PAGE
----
Outreach Event Teaches Future Bridge Builders the Value of Creativity and Teamwork

 |  Civil & Transportation
Bridge builders large and small worked out their design ideas with newspaper, tape … and lots of patience and creativity.

What’s it like to design and construct a landmark bridge? How does teamwork affect the process of bridge construction? Employees from Sundt and Slayden Construction recently used a fun, hands-on approach to help a group of first graders at Faubion Elementary School in Portland, Ore., explore that question. Slayden/Sundt is the joint venture team reconstructing Portland’s Sellwood Bridge for Multnomah County – a $213 million transportation construction project that will improve safety and traffic flow over the Willamette River.

The professional engineers and young engineers-in-training spent several hours brainstorming design ideas for a model bridge constructed of newspaper, constructing prototypes, and then testing them for success with toy vehicles. Their design ideas (some successful, some less so) included tunnels, triple-decker lanes, corkscrew spiral on-ramps, trampoline bridges, bird nesting nooks, murals, long slides, snack dispensers, and swimming pools. Many hours, glue sticks and stacks of newspaper later, the kids (and probably a few adults, too) had learned a lot about construction and the value and challenges of working with others.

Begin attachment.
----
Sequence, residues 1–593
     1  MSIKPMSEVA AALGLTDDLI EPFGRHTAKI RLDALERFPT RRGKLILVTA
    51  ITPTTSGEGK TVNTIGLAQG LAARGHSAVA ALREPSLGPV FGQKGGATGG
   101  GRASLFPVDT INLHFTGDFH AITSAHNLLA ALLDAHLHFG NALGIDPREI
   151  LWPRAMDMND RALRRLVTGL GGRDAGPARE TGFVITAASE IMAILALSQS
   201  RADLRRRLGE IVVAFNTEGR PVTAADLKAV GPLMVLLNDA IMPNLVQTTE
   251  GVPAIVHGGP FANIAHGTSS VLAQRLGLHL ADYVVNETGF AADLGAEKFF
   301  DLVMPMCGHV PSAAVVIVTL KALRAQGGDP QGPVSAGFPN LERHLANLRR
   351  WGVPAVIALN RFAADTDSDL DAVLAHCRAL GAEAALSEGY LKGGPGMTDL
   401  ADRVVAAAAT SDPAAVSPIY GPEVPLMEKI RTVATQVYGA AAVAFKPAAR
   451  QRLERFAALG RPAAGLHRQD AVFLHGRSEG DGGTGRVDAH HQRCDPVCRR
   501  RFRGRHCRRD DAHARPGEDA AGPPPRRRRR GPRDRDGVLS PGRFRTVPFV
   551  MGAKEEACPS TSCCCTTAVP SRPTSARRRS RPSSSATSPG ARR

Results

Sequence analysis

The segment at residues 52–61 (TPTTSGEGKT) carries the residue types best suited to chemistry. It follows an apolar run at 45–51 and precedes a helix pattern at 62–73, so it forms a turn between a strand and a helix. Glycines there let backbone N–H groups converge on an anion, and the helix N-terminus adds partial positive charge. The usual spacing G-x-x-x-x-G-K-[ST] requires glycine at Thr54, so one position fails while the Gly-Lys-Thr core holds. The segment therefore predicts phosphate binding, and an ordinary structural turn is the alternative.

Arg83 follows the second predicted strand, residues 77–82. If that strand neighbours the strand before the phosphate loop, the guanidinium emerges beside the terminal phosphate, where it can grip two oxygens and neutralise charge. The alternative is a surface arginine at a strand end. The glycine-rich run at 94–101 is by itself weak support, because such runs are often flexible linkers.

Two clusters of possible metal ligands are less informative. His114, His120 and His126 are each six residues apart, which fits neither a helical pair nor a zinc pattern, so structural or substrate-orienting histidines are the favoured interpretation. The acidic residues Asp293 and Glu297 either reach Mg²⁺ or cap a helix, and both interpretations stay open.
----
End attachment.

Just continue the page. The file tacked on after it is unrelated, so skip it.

“Multnomah County’s School-based Outreach Program is a not only a great way for students to learn about the Sellwood Bridge project; it also gives the kids a glimpse into possible future career paths or areas of study,” said Matt Fisher, Sundt Project Engineer. “I was quite surprised at the enthusiasm and engagement of the first graders – they had a lot of fun and came up with some interesting and fairly sturdy bridge designs!”

Designed as an open-spandrel steel arch structure, the new Sellwood Bridge will complement its surroundings while providing ample space for all modes of travel. It will have two vehicle lanes in each direction on the west end (which narrow to one lane in each direction on the east end), two six-foot-wide bike lanes, and two 12-foot-wide sidewalks for pedestrians.

The team is using an innovative “shoofly” (detour) approach to complete the challenging project while reducing costs and minimizing disruptions to travelers. It involves lifting the old bridge deck and truss with hydraulic jacks and moving it off to one side, placing it on a set of temporary piers, and connecting it to temporary approach spans so traffic can continue to use it while the new bridge is constructed. The bridge translation was successfully completed in January of 2013 (more info here). The entire project will be complete in 2016.

To see a time-lapse video of the bridge translation click here.